About Us:


In 1990, Charles Ekstam began research that led to the development of the first and only Fuel Air Separation System for diesel engines.  On March 15, 1993, the first system was sold. It was trademarked Fuel Preporator®.


Over the course of the next 20+ years, the Fuel Preporator® as well as the company, went through several iterations. Fuel Preporator® models have been developed for virtually every diesel engine application, including:



                Commercial Trucking

•       Excavation & Mining




                Pick-Up Trucks


In 2002, the AirDog® trademark was coined for the pick-up truck system. With the intense popularity of the trademark, it is now used on all of PureFlow's Fuel Air Separation Systems. The Raptor® trademark followed shortly thereafter for the pick-up truck fuel pump line. 


Additionally, the new 4G-HD Industrial Pump product line will fall under the umbrella of the AirDog® trademark.

In the fall of 2009, W.A.P. of Shelbyville, Indiana, entered into a non-exclusive Manufacturing and Sales Agreement with PureFlow® Technologies and an Intellectual Property License Agreement with Charles Ekstam, the Inventor. W.A.P. formed PureFlow AirDog®, Inc., and now manufactures and markets the AirDog® and Raptor® product line for pick-up trucks under the corporate name of PureFlow AirDog®.


Fast-forward to present day, and PureFlow® Technologies, Inc., in their 33,500 square foot manufacturing facility and employing a strong network of strategic partners, produces the highest-quality product line of fuel air separation systems and fuel pumps, shipping to distributors and dealers throughout the United States and beyond!




   CANADA                 UNITED STATES OF AMERICA                     MEXICO 

2,108,391             5,355,860; 5,746,184; 6,729,310                270409


 NEW ZEALAND        ITAL Y           AUSTRALIA          CHINA               ECUADOR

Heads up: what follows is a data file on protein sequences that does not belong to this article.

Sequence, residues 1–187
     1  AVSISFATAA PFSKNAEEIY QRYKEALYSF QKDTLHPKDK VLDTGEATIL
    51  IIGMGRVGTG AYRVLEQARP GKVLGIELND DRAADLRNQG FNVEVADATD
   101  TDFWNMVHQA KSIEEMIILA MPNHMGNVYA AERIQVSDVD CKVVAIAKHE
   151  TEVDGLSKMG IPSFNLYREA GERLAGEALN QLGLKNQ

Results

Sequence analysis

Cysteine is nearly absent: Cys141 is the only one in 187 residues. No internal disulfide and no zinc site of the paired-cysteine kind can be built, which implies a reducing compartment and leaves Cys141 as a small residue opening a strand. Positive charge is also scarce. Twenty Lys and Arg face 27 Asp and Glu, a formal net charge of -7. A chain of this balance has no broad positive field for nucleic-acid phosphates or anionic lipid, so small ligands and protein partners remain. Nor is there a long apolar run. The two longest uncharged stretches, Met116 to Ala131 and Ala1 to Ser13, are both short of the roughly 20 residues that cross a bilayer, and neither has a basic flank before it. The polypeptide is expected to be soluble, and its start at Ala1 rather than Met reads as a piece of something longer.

532356          1362177       2008212010     1061420         PL 10-2021


Additional Foreign Patents Issued and Pending! 


PureFlow® Technologies, Inc.

5508 Business 50 West

Jefferson City, MO 65109

Toll Free:1.877.GO DIESEL


Direct: 1.573.635.0555

Fax:     1.573.635.0778



Hours of Operation


8:00 AM-4:30 PM

Saturday & Sunday



8 PG AirDog Commercial Brochure 2013.pdf
Adobe Acrobat document [1.0 MB]
12 PG AirDog Marine Brochure 2012 with [...]
Adobe Acrobat document [1.3 MB]


How Does Air Become Entrained In Diesel Fuel?


As in all liquids, air becomes entrained in diesel fuel from sloshing and agitation! Air can be on the surface of the fuel in the form of foam or it can be in the bulk fluid in the form of tiny bubbles. Entrained Air is an issue of an "in use" engine in operating equipment!


What is Pump Cavitation?


Pump cavitation, simply put, is the pump not having enough pressure flow, or "Net Positive Pressure Head" of fuel coming into the inlet to completely fill the vacuum chamber of the pump.


Diesel fuel, as is true with all petroleum base liquids, will give off vapor when subjected to a vacuum. The amount of vapor depends upon the level of vacuum and temperature.


How Does Fuel Filter "Restriction" Effect Cavitation?

In the diesel engine industry, "fuel filter restriction" is a term that refers to the vacuum level at the inlet to the transfer or lift pump. It is measured in inches of mercury (in hg).


As the filter plugs with use, it further restricts the flow and increases the vacuum level in the pump.


The amount of vapor produced depends upon the level of vacuum.


What Else Increases Cavitation and Vapor? 


As the fuel levels in the tank(s) goes down as the fuel is burned, the "Dry Suction Lift" increases. This reduces the flow, increasing the vacuum.  


Operating at higher altitudes, where atmospheric pressure is less, reduces the fuel flow and increases vacuum. For example, at Denver,  atmospheric pressure  is about 17% less than at sea level and at Eisenhower Tunnel, it is approximately 32% less. Having less pressure to drive the fuel from the tank to the transfer pump, reduces the flow and increases the vacuum levels.


Higher fuel temperatures cause more vapor to form than cooler fuel under the same vacuum!